Recommended Age, Grade, and Reading Levels
- Age: 4 to 8
- Grade: p to 3
- Reading age: 4 to 8
Night is a boy who knows it's much more fun to play than go to sleep. When the sun sets, he travels through the night sky in a spaceship with his teddy. Night's favorite game is hide-and-go-seek, which he plays each evening with his older sister, Day. But why can't he ever find her?
Night Boy is a unique playful picturebook about a brother and a sister named Night and Day. The rhythmic text and rich illustrations make for a bedtime story that is sure to lull children who say "I can't sleep" into dreamland. Through the personas of a brother and sister, Night Boy offers a unique explanation of how night turns to day astronomically.
About the authors
Anne Laurel Carter was born in Don Mills, Ontario. She has suffered from a bad case of wanderlust all of her life, which has taken her all over the world. In between travelling, Anne completed Bachelor's and Master's degrees in Education. Anne loves working with children, and became an ESL and French teacher. She is also the mother of four children, but still finds time to read and write. Anne currently lives in Toronto, Ontario, where she works full-time as a teacher-librarian.
Anne is a multi award-winning author of several books for children. Her picturebook Under a Prairie Sky (Orca, 2004) won the Mr. Christie's Book Award in 2003.
Quand elle était petite, Ninon Pelletier rêvait de devenir astronaute pour voir le monde différemment. Elle est plutôt devenue illustratrice après des études en photographie et en graphisme. Elle a illustré plus d’une trentaine de livres pour enfants au cours des vingt dernières années et a été mise en nomination pour le Prix du Gouverneur général en 2016. Elle vit à Montréal, au Québec, au milieu de ses crayons, de ses fusains et de ses amis.
Excerpt: Night Boy (by (author) Anne Laurel Carter; illustrated by Ninon Pelletier)
A prince, Night arrives at a star-spangled palace,
Swirling his cape of aurora borealis.
He fires off comets; then a voice stops his show.
It's loud and commanding—a voice he should know.
"Stop playing!" Day shouts from far across space.
"I'll meet you at home. Come on, it's a race!"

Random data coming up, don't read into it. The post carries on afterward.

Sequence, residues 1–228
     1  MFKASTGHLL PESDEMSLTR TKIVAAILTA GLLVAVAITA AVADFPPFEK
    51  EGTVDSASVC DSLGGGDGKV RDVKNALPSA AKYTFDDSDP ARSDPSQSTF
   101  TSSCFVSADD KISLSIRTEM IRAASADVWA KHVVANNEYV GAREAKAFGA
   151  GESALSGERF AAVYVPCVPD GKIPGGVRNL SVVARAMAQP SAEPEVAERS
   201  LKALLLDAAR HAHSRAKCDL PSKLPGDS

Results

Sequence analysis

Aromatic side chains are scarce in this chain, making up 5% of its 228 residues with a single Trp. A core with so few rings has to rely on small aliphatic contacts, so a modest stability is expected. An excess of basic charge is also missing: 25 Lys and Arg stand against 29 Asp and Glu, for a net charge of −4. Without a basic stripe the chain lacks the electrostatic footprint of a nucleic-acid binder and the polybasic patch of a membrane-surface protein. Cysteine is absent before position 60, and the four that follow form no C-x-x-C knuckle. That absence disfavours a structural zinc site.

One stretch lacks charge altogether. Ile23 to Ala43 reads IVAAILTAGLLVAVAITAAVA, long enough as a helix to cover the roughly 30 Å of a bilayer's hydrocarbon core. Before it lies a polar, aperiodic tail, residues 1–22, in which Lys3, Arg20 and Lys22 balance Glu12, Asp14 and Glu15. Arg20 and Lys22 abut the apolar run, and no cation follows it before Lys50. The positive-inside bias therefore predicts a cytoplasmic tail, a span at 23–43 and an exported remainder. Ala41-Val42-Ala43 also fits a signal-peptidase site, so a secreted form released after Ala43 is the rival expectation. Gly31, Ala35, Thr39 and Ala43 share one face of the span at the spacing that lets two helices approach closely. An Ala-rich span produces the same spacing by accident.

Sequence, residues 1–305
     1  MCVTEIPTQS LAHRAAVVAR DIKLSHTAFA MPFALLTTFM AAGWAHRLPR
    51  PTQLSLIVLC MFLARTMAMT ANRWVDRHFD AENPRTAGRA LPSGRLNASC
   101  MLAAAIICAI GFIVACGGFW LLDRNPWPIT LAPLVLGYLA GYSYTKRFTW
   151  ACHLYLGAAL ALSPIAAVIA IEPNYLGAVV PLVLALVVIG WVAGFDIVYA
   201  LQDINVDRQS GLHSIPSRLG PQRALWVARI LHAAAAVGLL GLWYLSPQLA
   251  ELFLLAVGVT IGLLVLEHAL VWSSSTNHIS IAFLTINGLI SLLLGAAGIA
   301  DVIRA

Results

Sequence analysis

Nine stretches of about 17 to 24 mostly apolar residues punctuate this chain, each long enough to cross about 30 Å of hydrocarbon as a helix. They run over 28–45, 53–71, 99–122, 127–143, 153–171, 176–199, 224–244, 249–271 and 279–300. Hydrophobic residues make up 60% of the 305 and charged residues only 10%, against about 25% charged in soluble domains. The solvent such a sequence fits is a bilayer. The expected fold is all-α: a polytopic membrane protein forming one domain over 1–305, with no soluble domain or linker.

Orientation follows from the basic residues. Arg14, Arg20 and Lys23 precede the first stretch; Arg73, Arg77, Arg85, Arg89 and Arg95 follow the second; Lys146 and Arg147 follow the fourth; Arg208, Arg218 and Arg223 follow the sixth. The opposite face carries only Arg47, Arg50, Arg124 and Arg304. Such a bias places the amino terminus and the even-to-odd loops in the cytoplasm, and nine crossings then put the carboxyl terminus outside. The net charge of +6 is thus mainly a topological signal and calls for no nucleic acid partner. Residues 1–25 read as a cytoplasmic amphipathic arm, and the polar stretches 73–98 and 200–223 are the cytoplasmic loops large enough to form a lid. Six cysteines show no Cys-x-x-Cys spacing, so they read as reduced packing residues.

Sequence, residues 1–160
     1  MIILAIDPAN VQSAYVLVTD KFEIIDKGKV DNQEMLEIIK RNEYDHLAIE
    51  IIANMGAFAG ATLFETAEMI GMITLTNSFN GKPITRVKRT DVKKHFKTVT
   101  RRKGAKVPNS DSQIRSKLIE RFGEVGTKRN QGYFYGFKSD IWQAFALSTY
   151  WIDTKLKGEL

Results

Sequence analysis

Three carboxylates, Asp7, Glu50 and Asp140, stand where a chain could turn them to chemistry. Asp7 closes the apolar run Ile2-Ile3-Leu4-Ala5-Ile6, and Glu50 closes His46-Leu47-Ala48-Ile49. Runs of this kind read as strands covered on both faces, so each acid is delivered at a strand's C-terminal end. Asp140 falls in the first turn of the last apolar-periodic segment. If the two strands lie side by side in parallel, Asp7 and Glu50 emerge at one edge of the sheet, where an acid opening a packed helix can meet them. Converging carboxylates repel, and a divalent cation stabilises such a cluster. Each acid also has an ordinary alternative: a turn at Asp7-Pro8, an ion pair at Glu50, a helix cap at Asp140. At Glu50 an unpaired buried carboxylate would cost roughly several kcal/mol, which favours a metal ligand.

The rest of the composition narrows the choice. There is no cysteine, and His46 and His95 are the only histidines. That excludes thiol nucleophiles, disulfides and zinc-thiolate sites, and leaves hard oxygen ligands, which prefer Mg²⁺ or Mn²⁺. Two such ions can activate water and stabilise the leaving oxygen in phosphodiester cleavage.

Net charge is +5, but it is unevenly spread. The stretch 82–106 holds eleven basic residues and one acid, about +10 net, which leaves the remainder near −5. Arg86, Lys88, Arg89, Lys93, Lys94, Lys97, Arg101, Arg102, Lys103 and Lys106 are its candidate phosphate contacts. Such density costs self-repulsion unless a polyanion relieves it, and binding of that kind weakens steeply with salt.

And that's when he finally remembers their game.
He forgot to find Day. Each night it's the same!
"What better story to tell at bedtime than one that ends with a young child tucked cozily between the covers, fast asleep?...Pelletier uses rich shades of deep blue to depict the night sky filled with glimmering stars and there are some interesting opportunities here for parents to introduce their children to facts about the celestial skies."
Montreal Review of Books
"Told in rhyming verse, the rhythm is jaunty and the language is imaginative. Fun as a read-aloud, this book could also be used to introduce astronomy to young students."
"A very cute story that is interspersed with outer space facts."
Tacoma School District #10
"An interesting book that introduces the concept of night turning into day...The lyrical story has a wonderful vocabulary that imparts information in a unique way. The illustrations by Ninon Pelletier are outstanding and are a great visual aid to the concepts presented."
Southwestern Ohio Young Adult Materials Review Group
"There is an unmistakable magic to this story. It's a book full of big ideas, wrapped into a simple story that readers can understand and enjoy... An imaginative look at what happens after the sun goes down and showcases how, even in the darkness of space, happiness and fun can abound. This cute story will appeal to a variety of readers and will make a nice addition to picture book collections. Highly Recommended."
"Carter uses bouncy rhyming verse to tell the tale of a nightly game of hide-and-seek between Princess Day and her little brother, Prince Night...Pelletier's illustrations feature rich colours, exaggerated, cartoon-like characters, and sweet whimsical details...A great choice for bedtime-averse kids and for aspiring stargazers. Many galactic favourites make an appearance, including the Orion and Pegasus constellations, the aurora borealis, and the North Star, providing a jumping-off point for discussions of basic astronomy. The story ends gently, as the best bedtime stories do, with the promise of another game tomorrow."
Quill & Quire